Tuesday, June 22, 2010

From the British Blog No Hot Air

Jun 21, 2010

Natural Gas Storage

The WSJ describes here a new, and to the non-expert, rather obvious way of producing and storing gas: Keeping it in the ground.

Because thanks to gravity gas flows out of the ground, until now it's been hard to modulate up or down. It comes out of the hole in the ground and although it declines over time, it's hard to switch it on or off. This causes bizarre economic outcomes, because demand for gas is seasonal. Which explains why there is gas storage. If it was possible to have enough gas wells to deal with one in 40 year demand levels, which it is, it wouldn't work because there would soon be so much gas that it would either go to waste, or actually get flared off as it is in Nigeria and Iraq. There is another issue in that much conventional gas is associated with oil production and if the gas isn't released then the oil can't be pumped either. Which explains why the actual cost of production of gas can actually be negative. Back in the days when North Sea oil was $25 or so, it was estimated that some gas landing at St Fergus in Scotland from North Sea associated oil fields had a cost of minus 4 pence per therm, in the days when the spot price was about 10 pence.

Some people use a similar theory to explain how Qatar can produce gas so cheaply, in that the true prize is Gas to Liquids for fuel. Gasoline or Diesel derived from gas is the true money-spinner according to that theory, and natural gas is a by product that technically the Qataris should pay people to ship away and burn.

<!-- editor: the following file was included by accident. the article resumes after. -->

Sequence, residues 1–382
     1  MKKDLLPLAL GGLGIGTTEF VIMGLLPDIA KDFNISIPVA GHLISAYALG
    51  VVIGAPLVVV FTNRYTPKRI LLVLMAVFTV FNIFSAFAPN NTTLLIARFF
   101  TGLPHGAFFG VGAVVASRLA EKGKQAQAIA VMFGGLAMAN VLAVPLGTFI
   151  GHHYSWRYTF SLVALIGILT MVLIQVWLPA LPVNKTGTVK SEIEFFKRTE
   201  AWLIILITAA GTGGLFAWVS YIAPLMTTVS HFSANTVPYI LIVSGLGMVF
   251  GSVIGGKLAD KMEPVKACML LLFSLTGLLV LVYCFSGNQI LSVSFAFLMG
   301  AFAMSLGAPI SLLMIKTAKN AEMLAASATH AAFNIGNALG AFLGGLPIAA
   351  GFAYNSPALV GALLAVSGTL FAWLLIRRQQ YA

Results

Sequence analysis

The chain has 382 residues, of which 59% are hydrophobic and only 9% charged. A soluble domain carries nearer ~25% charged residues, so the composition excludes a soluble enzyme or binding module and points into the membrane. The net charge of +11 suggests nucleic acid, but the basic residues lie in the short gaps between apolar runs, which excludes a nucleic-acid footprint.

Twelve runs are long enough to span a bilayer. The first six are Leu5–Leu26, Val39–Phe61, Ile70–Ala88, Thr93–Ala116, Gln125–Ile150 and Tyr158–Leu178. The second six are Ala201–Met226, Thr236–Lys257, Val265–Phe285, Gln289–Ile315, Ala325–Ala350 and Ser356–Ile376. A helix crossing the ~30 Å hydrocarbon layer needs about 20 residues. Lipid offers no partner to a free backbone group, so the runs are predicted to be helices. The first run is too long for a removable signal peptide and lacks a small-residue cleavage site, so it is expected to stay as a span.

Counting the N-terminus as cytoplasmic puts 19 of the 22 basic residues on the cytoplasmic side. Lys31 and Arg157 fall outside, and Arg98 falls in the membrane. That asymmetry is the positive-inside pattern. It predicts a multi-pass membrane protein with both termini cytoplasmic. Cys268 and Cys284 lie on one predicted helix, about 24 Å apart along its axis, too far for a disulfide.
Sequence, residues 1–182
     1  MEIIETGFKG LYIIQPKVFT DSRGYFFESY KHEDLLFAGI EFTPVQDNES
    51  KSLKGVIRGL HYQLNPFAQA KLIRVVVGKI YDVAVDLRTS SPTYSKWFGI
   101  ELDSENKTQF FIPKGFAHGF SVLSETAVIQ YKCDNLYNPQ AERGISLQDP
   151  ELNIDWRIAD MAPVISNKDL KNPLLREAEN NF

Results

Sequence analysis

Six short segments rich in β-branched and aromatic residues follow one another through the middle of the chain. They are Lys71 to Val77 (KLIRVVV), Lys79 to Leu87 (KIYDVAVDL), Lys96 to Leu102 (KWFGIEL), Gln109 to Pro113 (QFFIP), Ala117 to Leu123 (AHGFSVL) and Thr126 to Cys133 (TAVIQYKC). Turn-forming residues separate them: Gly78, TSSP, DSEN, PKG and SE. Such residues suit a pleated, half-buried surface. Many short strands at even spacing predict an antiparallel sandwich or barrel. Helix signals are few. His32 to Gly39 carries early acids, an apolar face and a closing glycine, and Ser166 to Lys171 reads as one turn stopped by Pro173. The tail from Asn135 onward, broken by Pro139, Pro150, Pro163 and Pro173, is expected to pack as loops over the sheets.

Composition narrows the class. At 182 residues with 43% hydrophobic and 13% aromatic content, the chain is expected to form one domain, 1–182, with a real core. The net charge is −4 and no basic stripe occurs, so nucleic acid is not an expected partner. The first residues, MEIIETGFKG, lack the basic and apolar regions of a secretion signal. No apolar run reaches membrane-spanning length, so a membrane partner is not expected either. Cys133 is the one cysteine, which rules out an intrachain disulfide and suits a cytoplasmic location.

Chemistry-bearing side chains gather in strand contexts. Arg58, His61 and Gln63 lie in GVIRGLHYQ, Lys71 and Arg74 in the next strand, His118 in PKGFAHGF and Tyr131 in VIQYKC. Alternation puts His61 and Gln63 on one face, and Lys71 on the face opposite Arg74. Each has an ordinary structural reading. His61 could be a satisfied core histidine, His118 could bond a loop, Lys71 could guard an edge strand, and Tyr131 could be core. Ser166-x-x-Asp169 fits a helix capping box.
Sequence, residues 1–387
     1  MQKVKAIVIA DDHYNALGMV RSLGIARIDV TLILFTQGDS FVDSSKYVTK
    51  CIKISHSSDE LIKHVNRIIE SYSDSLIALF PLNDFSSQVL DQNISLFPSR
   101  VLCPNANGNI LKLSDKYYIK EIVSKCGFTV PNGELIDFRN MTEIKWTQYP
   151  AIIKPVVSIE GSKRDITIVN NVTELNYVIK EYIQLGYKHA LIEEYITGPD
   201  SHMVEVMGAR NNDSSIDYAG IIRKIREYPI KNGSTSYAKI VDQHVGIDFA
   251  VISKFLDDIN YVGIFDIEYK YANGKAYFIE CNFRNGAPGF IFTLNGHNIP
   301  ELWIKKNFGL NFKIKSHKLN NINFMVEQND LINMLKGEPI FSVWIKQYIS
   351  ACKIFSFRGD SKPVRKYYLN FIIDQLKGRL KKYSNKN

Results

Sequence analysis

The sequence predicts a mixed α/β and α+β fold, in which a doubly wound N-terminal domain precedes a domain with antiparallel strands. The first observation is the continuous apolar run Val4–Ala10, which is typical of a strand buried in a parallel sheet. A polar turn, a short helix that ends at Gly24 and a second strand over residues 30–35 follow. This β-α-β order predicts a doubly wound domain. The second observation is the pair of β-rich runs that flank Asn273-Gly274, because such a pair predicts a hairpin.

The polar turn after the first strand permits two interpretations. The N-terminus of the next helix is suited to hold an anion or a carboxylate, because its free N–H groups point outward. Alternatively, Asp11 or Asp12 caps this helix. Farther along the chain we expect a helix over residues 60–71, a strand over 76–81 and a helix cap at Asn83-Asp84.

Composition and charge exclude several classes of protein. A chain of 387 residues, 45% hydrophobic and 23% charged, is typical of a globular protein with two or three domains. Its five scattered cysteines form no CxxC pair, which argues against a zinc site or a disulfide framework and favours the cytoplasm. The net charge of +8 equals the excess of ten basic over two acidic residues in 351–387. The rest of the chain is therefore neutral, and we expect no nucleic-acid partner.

Two big swing fields in Europe can be modulated up or down to reflect demand, Groningen onshore Netherlands and Morecambe Bay off shore Lancashire NW England. Both fields by the way are very close to possibly big shale plays.

Shale, as Art Berman likes to tell people declines rapidly, to 80% of it's opening peak within 18 months allegedly. Berman says that this makes shale uneconomic at less than $7-8 MMBTU. I say a lot of people disagree with him. But in Louisiana's Haynesville shale, they may have discovered ways of defying gravity in that they can choke gas:

Natural gas producers are choking back production from wells in the Haynesville Shale, a prolific natural gas-bearing rock formation in Texas and Louisiana, as a way of boosting the overall efficiency and life span of those wells.

The technique represents an important shift in the exploitation of gas from the dense sedimentary rock formations known as shales. Frenzied development flooded the natural gas market last year with, shale gas and the recession cut deeply into natural gas demand, pushing prices to a 7 1/2-year low last September. Now more measured growth from shales could help mitigate future gas gluts and allow for more orderly development of these gas-rich assets.

More orderly development will mean more orderly prices:

We are trying to optimize the reservoir," Kelleher said, noting that the company is trying to come up with the best "economic case" for the Haynesville shale. Devon will drill as many as 30 shale wells in the Haynesville area this year.

Companies have used other techniques to slow production from these fields such as drilling wells without completing them so they can bring production online at a later date and, perhaps, at better commodity prices.

A throwaway at the end here, which shouldn't have been. This could change the economics of gas (and storage) for both better and good:

Producers are starting to think about using these producing assets as a surrogate for storage," said Rusty Braziel, managing director for BENTEK Energy, which tracks energy-market data. Braziel notes that these techniques have an added advantage of allowing companies to manage through volatile swings in natural gas prices.

Surrogate for storage. Disruptor for prices.